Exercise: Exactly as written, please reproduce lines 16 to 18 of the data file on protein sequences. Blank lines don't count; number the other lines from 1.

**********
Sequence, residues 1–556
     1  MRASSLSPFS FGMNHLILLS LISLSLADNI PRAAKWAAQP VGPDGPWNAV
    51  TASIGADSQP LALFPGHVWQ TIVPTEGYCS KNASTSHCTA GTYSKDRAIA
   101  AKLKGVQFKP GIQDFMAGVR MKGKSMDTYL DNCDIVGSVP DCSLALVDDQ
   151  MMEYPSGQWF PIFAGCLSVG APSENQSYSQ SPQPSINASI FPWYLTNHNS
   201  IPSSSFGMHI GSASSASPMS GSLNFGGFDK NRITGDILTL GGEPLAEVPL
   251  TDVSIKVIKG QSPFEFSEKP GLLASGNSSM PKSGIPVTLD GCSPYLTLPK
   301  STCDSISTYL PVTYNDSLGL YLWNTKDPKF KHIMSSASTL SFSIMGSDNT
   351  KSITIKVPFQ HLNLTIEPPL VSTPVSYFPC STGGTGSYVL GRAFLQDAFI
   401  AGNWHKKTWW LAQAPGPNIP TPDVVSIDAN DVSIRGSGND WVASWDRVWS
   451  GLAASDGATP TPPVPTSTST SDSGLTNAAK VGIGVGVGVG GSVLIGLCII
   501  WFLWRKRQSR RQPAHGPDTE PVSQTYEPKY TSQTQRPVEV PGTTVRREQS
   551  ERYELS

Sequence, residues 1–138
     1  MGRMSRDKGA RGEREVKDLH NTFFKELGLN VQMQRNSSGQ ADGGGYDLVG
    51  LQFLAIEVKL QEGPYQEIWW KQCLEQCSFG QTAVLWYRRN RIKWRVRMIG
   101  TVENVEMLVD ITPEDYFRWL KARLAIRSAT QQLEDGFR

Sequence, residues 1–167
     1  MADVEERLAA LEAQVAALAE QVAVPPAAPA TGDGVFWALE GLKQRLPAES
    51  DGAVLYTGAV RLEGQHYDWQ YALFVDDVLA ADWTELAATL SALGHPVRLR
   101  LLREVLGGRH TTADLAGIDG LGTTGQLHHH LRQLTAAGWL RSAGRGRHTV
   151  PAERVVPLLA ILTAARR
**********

    51  LQFLAIEVKL QEGPYQEIWW KQCLEQCSFG QTAVLWYRRN RIKWRVRMIG
   101  TVENVEMLVD ITPEDYFRWL KARLAIRSAT QQLEDGFR

Sequence, residues 1–167